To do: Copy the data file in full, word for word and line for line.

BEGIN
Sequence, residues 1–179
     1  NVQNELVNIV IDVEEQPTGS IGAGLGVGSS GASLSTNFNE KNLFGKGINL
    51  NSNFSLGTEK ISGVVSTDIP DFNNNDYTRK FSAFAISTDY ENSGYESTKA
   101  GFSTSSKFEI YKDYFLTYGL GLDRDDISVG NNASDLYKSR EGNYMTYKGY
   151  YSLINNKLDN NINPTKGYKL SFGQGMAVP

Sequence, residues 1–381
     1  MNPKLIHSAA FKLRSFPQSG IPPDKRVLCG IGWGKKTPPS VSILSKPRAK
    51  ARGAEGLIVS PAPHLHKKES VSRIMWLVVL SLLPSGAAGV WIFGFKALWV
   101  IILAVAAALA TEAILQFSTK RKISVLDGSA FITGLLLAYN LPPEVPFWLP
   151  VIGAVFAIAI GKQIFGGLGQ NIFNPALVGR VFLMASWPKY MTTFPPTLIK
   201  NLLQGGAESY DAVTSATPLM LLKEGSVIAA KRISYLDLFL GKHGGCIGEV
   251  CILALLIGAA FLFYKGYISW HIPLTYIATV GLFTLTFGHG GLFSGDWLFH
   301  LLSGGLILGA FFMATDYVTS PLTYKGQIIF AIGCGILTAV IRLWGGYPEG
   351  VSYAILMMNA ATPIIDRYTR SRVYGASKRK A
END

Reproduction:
Sequence, residues 1–179
     1  NVQNELVNIV IDVEEQPTGS IGAGLGVGSS GASLSTNFNE KNLFGKGINL
    51  NSNFSLGTEK ISGVVSTDIP DFNNNDYTRK FSAFAISTDY ENSGYESTKA
   101  GFSTSSKFEI YKDYFLTYGL GLDRDDISVG NNASDLYKSR EGNYMTYKGY
   151  YSLINNKLDN NINPTKGYKL SFGQGMAVP

Sequence, residues 1–381
     1  MNPKLIHSAA FKLRSFPQSG IPPDKRVLCG IGWGKKTPPS VSILSKPRAK
    51  ARGAEGLIVS PAPHLHKKES VSRIMWLVVL SLLPSGAAGV WIFGFKALWV
   101  IILAVAAALA TEAILQFSTK RKISVLDGSA FITGLLLAYN LPPEVPFWLP
   151  VIGAVFAIAI GKQIFGGLGQ NIFNPALVGR VFLMASWPKY MTTFPPTLIK
   201  NLLQGGAESY DAVTSATPLM LLKEGSVIAA KRISYLDLFL GKHGGCIGEV
   251  CILALLIGAA FLFYKGYISW HIPLTYIATV GLFTLTFGHG GLFSGDWLFH
   301  LLSGGLILGA FFMATDYVTS PLTYKGQIIF AIGCGILTAV IRLWGGYPEG
   351  VSYAILMMNA ATPIIDRYTR SRVYGASKRK A